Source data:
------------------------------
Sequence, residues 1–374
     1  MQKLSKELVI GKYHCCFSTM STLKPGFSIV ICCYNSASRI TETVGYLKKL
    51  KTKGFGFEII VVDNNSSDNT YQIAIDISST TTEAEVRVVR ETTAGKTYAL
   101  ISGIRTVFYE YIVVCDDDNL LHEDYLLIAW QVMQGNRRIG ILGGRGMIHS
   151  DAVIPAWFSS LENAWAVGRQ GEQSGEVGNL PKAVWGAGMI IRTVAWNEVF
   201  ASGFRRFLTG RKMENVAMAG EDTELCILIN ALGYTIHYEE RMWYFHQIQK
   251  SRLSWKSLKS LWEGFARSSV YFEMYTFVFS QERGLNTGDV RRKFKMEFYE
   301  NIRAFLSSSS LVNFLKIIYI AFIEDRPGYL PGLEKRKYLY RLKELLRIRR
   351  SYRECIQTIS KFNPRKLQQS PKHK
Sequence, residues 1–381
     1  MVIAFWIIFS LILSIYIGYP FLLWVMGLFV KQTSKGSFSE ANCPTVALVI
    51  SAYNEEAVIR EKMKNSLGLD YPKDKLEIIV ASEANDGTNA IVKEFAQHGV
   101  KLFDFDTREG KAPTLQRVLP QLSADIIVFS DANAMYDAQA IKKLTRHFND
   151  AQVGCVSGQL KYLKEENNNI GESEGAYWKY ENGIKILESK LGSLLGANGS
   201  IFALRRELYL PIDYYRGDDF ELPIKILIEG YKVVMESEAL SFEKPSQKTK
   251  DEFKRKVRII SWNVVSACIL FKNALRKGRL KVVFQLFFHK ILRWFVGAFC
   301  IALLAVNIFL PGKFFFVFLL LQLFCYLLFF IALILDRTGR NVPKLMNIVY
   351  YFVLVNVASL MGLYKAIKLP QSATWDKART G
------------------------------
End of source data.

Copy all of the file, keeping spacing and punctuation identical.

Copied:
Sequence, residues 1–374
     1  MQKLSKELVI GKYHCCFSTM STLKPGFSIV ICCYNSASRI TETVGYLKKL
    51  KTKGFGFEII VVDNNSSDNT YQIAIDISST TTEAEVRVVR ETTAGKTYAL
   101  ISGIRTVFYE YIVVCDDDNL LHEDYLLIAW QVMQGNRRIG ILGGRGMIHS
   151  DAVIPAWFSS LENAWAVGRQ GEQSGEVGNL PKAVWGAGMI IRTVAWNEVF
   201  ASGFRRFLTG RKMENVAMAG EDTELCILIN ALGYTIHYEE RMWYFHQIQK
   251  SRLSWKSLKS LWEGFARSSV YFEMYTFVFS QERGLNTGDV RRKFKMEFYE
   301  NIRAFLSSSS LVNFLKIIYI AFIEDRPGYL PGLEKRKYLY RLKELLRIRR
   351  SYRECIQTIS KFNPRKLQQS PKHK
Sequence, residues 1–381
     1  MVIAFWIIFS LILSIYIGYP FLLWVMGLFV KQTSKGSFSE ANCPTVALVI
    51  SAYNEEAVIR EKMKNSLGLD YPKDKLEIIV ASEANDGTNA IVKEFAQHGV
   101  KLFDFDTREG KAPTLQRVLP QLSADIIVFS DANAMYDAQA IKKLTRHFND
   151  AQVGCVSGQL KYLKEENNNI GESEGAYWKY ENGIKILESK LGSLLGANGS
   201  IFALRRELYL PIDYYRGDDF ELPIKILIEG YKVVMESEAL SFEKPSQKTK
   251  DEFKRKVRII SWNVVSACIL FKNALRKGRL KVVFQLFFHK ILRWFVGAFC
   301  IALLAVNIFL PGKFFFVFLL LQLFCYLLFF IALILDRTGR NVPKLMNIVY
   351  YFVLVNVASL MGLYKAIKLP QSATWDKART G